And so we did for a mile or so and then stopped the snowmachine about 300 yards before the team would reach us. As I got off the snowmachine I was instantly preparing the settings on my cameras to be ready to shoot two scenes as she came by. On one body I had a 100 to 400mm telephoto lens and on the other a 24-105mm lens.
Knowing that this would likely be the only time I could get a straight-on shot, I knelt down next to the trail and shot this telephoto image as Aliy approached me ……
…. and then got to my feet and walked off the trail a ways. Though the dogs wanted to come to see me, Aliy commanded them with a “Haw, Haw, On-by” back to the trail. I made these images as she passed by me the first time.
Having an appropriate exposure and such that I knew would work, I ran back to the machine and excitedly asked my driver to fire it up and pass her but drive the snowmachine far off the trail so it’s not to confuse the dogs. Just as soon as we got past her the sun was in what I thought was a perfect position and I patted the snowmachine driver on the shoulder and said to stop here, but keep the engine running. I just sprang off the machine and with the 24-105mm lens fired away at 12 frames per second. And got this type of shot.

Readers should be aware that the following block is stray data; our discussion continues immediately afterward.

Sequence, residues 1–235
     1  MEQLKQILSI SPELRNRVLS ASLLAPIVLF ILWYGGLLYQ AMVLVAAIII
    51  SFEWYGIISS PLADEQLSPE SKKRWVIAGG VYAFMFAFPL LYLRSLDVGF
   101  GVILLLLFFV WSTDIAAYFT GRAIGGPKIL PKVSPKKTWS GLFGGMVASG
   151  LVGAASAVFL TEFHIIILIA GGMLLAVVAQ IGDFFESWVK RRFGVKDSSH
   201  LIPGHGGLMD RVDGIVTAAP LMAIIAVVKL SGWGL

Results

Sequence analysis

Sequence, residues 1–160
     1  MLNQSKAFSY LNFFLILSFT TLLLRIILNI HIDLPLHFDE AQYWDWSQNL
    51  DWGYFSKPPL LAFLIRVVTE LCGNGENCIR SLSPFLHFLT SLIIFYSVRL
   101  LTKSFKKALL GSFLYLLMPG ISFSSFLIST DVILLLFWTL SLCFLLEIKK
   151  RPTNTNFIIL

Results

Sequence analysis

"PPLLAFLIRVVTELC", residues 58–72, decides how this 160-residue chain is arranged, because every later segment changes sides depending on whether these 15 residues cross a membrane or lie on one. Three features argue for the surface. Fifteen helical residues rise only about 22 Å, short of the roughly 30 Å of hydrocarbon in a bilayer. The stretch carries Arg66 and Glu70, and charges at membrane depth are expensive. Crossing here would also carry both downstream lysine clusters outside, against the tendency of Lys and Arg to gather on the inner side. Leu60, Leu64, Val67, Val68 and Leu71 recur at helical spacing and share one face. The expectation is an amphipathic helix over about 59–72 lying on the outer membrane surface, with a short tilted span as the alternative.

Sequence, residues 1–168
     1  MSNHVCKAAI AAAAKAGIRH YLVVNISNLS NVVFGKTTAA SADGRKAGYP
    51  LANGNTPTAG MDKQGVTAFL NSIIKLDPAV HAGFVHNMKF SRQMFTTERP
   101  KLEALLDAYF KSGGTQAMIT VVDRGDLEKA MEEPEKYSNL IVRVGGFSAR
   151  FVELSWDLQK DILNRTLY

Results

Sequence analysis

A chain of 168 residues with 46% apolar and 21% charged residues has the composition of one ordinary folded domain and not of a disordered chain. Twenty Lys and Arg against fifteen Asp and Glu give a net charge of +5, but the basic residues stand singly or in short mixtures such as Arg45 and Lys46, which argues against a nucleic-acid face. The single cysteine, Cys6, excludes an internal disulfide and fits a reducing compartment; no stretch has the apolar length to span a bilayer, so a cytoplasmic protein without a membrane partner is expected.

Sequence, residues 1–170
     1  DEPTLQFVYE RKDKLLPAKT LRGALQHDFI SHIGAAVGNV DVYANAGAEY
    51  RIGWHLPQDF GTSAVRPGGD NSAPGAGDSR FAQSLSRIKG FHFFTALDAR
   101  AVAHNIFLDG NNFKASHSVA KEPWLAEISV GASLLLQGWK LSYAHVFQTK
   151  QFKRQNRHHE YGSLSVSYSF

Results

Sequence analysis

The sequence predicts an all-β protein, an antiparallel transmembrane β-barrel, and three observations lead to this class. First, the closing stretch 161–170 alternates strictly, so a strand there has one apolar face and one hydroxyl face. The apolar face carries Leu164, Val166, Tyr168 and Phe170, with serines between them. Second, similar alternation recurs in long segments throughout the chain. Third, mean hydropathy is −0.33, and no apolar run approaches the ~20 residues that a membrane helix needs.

Never being satisfied with my last photo, I climbed back on the machine and excitedly said “Go, Go, Go”… and we continued to leapfrog Aliy but this time I asked the driver to get even further off to the side. The snow was blowing on the ground making it a bit difficult for the driver to see any obstacles, but he did a great job getting us down the trail.
The last shot with the 104 mm just didn’t create the scene I wanted. I wanted to use a more telephoto lens to compress the background and make the sun bigger. Sure enough, he got a longer ways off the trail and this time I was able to use the 100 to 400 mm lens to get what is ultimately I think the better shot at 148mm.
I wanted to stay ahead of Aliy because I knew once we got to those pressure ridges the dog team would make a lot better time than we could with the snowmachine. So we ran ahead of her but we actually didn’t stay on the trail she was on but had to make our own trail or else we would slow her down.
And this trail we made was just going wherever it seems a bit more smooth. And it was a WHOLE lot slower. Aliy was well ahead of us by the time we got across the pressure ridges.
And by this time to the sun had dipped below the horizon….. but now, off to our right or the east, we could see where the alpenglow was just tremendous. I asked my snowmachine driver to now get on the opposite side of Aliy (the west side of the trail) and move us into position here where I ended up getting a number of really good shots I think. lIke this…
And then Aliy arrived in the village to a warm welcome from many kids and villagers.
I was glad to be able to have had such a memorable experience out on the ice at sunset with a fantastic dog musher and a wonderful snowmachine driver.
Was the photo worth it? — an hour or two and $100? I think very much so.
I hope you enjoyed reading about it.
All the best —